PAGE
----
Archive | July, 2013

Play in Tehran Draws Attention to Juvenile Executions in Iran

24 Jul

My dear friend Jules Odendahl-James–an excellent dramaturg and scholar who shares my interest in prison theatre work–forwarded me a link to this article about an interview-based play in Tehran about juveniles on death row in Iran.  Another really interesting and beautiful play on a similar topic was written by my good friend and former colleague Mark Perry.  A New Dress for Mona describes the life and death of Mona Mahmudnizhad, who is considered a martyr of the Baha’i faith because the Iranian government executed her for her beliefs in 1983.  Mona was seventeen at the time of her death.  Amnesty International and many other human rights groups have taken stands against the execution of juveniles, but the practice continues in Iran. The United States outlawed the execution of juveniles in 2005 (not very long ago by international human rights standards), but we still sentence juveniles to life without parole.  Amnesty International reports:

There are at least 2,500 people in the US serving life imprisonment without the possibility of parole for crimes committed when they were under 18 years old. The United States is believed to stand alone in sentencing children to life without parole. Although several countries technically permit the practice, Amnesty International knows of no cases outside the US where such a sentence has been imposed in recent years.

We need far more theatre and other types of art to draw attention to what happens to young people all over the world.  Congratulations and many thanks to the Iranian theatre practitioners do this work and to Mark Perry who writes from the United States about Iran and the Baha’i faith.  May your work have many audiences, and may our governments evolve to end juvenile executions and life without parole.

Gorky Never Looked Like This Before: Teatro na Prisão in a Men’s Prison

20 Jul

We, of course, could not take our cameras with us into the prison when we visited Teatro na Prisão’s workshop, so in view of the fact that I don’t have many photos to post in regards to our trip to the men’s prison this past Tuesday, I decided to begin this post with a picture of my student Hector Flores Komatsu, who has yet to appear in any of the other photos on the blog despite the fact that he’s been doing fantastic things as part of this exchange program.  In fact he’s the one of us who will stay here for the longest, spending a full month in Rio and returning to the U.S. in early August.  Hector (now known in Rio as Heitor–the Portuguese translation of his name) is a directing student at Michigan and has been attending many directing and acting classes at UniRio during his time here.  He’s working with UniRio students to make plans for future collaborations in which actors, directors,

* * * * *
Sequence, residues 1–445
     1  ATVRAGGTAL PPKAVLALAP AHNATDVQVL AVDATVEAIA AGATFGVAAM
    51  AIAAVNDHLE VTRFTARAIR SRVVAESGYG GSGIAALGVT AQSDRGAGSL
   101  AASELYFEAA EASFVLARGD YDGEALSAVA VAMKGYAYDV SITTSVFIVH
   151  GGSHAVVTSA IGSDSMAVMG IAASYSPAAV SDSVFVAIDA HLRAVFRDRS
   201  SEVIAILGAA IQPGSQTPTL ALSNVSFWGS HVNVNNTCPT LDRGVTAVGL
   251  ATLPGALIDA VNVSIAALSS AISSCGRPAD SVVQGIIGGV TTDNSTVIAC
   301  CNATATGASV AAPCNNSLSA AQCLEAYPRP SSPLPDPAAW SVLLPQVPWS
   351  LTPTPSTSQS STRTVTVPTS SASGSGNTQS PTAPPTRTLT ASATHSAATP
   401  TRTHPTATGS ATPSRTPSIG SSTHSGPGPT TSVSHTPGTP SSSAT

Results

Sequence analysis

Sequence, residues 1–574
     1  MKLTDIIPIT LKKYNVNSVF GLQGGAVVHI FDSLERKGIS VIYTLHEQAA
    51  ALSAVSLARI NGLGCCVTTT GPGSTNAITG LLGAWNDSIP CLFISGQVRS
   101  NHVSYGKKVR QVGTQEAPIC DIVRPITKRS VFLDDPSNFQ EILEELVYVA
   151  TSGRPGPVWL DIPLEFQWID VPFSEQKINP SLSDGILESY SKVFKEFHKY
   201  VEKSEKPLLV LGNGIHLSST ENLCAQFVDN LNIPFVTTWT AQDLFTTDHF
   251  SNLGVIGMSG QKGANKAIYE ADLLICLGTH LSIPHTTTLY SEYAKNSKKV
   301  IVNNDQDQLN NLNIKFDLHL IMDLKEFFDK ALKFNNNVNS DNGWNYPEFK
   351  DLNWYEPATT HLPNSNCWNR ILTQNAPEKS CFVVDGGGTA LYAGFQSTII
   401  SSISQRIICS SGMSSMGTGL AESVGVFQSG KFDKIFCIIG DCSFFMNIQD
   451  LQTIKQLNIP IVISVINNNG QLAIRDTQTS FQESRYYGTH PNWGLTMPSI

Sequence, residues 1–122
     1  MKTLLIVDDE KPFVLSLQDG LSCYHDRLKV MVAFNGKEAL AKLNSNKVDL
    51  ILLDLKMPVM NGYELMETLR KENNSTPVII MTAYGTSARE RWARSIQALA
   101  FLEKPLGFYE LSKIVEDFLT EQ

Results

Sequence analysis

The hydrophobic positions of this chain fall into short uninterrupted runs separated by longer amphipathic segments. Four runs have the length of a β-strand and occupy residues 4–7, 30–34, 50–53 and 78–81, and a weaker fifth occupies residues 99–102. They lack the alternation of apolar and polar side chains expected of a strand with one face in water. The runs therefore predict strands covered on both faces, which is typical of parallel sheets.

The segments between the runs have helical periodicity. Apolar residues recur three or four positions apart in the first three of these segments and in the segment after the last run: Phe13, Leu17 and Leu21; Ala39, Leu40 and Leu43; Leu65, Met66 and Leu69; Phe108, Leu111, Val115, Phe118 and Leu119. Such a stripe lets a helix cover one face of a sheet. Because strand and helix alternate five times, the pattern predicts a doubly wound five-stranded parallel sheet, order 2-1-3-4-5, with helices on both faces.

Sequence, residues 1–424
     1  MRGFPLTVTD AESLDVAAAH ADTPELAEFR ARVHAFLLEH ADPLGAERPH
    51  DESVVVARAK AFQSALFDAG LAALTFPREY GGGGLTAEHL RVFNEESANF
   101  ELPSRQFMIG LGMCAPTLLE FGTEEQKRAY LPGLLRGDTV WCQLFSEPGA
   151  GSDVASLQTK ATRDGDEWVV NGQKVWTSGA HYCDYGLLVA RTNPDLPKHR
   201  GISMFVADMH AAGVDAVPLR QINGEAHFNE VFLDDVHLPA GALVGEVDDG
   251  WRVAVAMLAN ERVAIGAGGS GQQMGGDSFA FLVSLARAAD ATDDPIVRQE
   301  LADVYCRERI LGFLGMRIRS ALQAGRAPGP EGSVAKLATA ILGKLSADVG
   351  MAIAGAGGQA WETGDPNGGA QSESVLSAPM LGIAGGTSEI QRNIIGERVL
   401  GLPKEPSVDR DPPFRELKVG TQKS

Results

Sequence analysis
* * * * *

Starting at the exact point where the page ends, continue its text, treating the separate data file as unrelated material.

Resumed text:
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and designers visiting from one campus to the other could work on short student productions for a few weeks at a time.

In this photo Heitor is eating Brazil’s national dish, feijoada–a black bean stew with several kinds of sausage and many different cuts of beef and pork. It’s served with rice, black beans, shredded collard greens, chunks of yucca, yucca flour (which is kind of like cornmeal), and pork rinds, all of which can be mixed into your feijoada in whatever amount you like.  Slices of oranges are also served on the side.  The students and I sampled this Brazilian staple at a restaurant in Ipanema called Casa de Feijoada, and we loved it.

On Tuesday, July 16, 2013, we accompanied the students and faculty of Teatro na Prisão to the men’s prison where they conduct a theatre workshop.  Here’s a picture of us at UniRio before we got on the bus to the prisons.

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Pictured here from left to right are Renee Gross, Jodie Lawston, Sarah Thompson, Natália Fiche, me, and Viviane Narvaes (the UniRio professor who leads the workshop in the men’s prison).  The men’s prison where Teatro na Prisão facilitates a workshop is just down the road from the women’s prison we visited last week.  By all appearances, the women’s prison we visited stood on its own away from any other prison complex, while the men’s prison is inside a walled and gated compound with multiple prisons for men inside.  The UniRio students told me that the various prisons in the compound house prisoners grouped by various kinds of categories.  Some of the prisons house men who have committed a particular offense.  In Brazil as in many other countries, sex offenders are a high risk for being attacked or abused during their incarceration, and one of the UniRio students with whom I spoke on the bus ride said that one of the prisons in this complex houses only sex offenders so that they will not be in general population with other prisoners.